Friday, August 02, 2013

Kim Stanley Robinson - 2312

With the recent death of Iain M. Banks, few left wing science fiction writers remain. Ken Macleod and Kim Stanley Robinson are two that spring to mind, and most socialist SF fans will buy and read pretty much everything they release.

So I have to admit that I am a bit disappointed by 2312. It is different to much of KSR's former works. Less explicitly about revolution for instance, when compared to Icehenge or the Mars Trilogy. While the future solar system that KSR imagines in 2312 is fascinating and well thought out, the story doesn't hold the different imagined worlds together well and some bits of the plot are frankly, illogical.

Lets look at the good bits. For most people (certainly those off planet Earth) life is post-scarcity. On Earth, most of the population lives in a post-capitalist world, thought quite how this works is not really explained much. Earth itself is badly damaged by global warming. The methane hydrates are on the verge of melting and having already experienced major sea level rise, the population of the planet faces future rises.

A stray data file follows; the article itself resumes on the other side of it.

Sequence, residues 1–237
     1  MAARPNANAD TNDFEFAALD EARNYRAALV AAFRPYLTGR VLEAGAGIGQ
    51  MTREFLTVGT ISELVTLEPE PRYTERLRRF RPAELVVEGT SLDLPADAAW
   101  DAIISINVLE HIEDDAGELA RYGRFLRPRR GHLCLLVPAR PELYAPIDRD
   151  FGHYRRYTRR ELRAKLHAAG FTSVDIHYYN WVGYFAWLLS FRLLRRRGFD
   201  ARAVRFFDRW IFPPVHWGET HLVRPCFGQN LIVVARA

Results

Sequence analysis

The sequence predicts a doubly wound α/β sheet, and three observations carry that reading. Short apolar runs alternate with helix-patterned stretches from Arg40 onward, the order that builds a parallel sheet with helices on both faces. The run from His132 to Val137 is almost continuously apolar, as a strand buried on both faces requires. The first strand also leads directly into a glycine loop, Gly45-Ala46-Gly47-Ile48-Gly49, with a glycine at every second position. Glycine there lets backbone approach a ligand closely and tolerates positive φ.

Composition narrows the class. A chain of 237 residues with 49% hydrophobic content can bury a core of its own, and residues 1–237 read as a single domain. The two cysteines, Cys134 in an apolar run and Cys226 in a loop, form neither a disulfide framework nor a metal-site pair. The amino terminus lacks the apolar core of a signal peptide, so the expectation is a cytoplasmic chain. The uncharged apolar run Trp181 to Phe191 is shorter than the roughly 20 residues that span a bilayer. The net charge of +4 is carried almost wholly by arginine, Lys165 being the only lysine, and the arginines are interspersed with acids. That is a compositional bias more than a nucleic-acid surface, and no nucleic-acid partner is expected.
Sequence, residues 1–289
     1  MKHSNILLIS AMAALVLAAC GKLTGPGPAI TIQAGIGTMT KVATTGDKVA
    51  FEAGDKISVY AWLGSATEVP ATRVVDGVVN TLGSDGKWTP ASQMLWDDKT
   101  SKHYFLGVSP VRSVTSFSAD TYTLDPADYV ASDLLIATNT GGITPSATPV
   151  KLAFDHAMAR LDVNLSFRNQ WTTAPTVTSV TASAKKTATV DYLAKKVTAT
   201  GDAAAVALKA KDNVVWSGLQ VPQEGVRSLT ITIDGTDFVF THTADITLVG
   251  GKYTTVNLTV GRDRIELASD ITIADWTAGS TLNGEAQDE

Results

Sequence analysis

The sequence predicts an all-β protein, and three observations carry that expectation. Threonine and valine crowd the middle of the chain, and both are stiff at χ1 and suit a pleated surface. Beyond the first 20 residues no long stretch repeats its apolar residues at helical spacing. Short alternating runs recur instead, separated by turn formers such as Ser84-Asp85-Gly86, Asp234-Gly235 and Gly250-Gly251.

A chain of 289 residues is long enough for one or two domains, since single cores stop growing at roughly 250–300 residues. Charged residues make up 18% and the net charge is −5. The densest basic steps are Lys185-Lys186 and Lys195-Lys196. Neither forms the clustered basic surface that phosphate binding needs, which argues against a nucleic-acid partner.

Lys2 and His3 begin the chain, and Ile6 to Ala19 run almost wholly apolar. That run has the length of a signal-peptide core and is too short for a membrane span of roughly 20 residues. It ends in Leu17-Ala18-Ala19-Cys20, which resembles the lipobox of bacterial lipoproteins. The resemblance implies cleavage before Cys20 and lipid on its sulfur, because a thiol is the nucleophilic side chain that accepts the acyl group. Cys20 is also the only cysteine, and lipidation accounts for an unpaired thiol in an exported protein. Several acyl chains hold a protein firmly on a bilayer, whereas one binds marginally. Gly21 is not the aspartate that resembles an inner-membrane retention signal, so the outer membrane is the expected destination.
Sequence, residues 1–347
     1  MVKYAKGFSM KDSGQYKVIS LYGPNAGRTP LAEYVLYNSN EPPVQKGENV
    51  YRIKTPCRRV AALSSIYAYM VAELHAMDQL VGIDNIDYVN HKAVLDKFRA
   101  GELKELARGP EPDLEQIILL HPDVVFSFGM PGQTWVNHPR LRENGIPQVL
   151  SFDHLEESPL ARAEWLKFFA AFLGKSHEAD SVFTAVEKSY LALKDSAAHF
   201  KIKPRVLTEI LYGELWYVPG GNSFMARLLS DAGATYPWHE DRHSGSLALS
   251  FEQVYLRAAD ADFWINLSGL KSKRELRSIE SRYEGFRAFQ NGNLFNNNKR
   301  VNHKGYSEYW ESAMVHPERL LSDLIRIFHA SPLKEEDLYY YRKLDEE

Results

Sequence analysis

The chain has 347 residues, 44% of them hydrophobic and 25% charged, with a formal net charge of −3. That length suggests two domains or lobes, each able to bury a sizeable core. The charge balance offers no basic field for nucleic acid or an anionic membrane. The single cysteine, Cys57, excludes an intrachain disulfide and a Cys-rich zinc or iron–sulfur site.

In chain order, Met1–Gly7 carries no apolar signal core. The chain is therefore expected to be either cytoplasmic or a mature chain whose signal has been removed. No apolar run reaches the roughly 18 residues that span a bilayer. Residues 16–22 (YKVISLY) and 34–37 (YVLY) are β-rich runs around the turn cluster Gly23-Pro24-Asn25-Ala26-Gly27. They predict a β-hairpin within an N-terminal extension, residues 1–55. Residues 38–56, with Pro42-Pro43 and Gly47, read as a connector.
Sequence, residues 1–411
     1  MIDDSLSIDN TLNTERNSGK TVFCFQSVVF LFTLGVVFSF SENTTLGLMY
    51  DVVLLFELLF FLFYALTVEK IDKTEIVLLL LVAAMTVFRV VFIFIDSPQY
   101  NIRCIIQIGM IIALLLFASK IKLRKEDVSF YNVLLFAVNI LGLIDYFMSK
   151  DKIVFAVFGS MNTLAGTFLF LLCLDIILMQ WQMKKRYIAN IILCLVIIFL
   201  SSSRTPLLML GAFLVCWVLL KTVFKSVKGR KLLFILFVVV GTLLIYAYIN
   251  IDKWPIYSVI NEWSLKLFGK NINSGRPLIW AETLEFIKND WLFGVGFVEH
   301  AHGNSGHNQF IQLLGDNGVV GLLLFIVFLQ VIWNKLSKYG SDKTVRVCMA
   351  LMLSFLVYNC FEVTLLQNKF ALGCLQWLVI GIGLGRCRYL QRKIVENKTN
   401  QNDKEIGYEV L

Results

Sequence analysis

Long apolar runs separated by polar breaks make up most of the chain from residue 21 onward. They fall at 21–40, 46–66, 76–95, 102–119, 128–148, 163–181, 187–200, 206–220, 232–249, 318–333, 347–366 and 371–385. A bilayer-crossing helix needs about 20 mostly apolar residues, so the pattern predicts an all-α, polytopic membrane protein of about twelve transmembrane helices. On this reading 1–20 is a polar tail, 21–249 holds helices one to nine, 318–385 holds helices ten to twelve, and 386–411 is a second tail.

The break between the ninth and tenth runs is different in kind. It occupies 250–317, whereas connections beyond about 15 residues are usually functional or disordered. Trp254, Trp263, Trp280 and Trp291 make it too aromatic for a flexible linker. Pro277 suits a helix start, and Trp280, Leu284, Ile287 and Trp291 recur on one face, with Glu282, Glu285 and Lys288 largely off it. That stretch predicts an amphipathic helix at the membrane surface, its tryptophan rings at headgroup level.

Out in space things are better. Venus and Mars are in the process of being terraformed. Humans have footholds on the major moons and asteroids, utilising solar polar lasered in from Mercury and "vulcan" asteroids. The post-scarcity economy means that technology is utilised to hollow out the solar systems bodies which are used to create self contained environments packed full of Earth's plants and animals. Some might be complete oceanic eco-systems, others African savannahs filled with lions and their prey.

Into this mix KSR throws a convoluted plot centred on a minor revolt by artificial intelligence and the solar system spanning investigation to work out what is going on. The reader could benefit from some clearer pointers, not least because there is SO much to the novel. Why do SF writers feel they need to produce 600 page blockbusters these days? 2312 would have benefited by being edited down by 200 pages. My other complaint is that KSR's hero, Swan, is so unlikeable that I kept hoping she would die and leave the author spending more time describing his ecological aware future. In addition, the AI's seem anything by intelligent, and the plot is very shallow for such a long book.

Frankly I wouldn't bother with this unless you are a KSR fan, and stick to his earlier work, or re-read the Culture novels.

Related Reviews

Robinson - Years of Rice and Salt
Robinson - Icehenge
Robinson - Shaman

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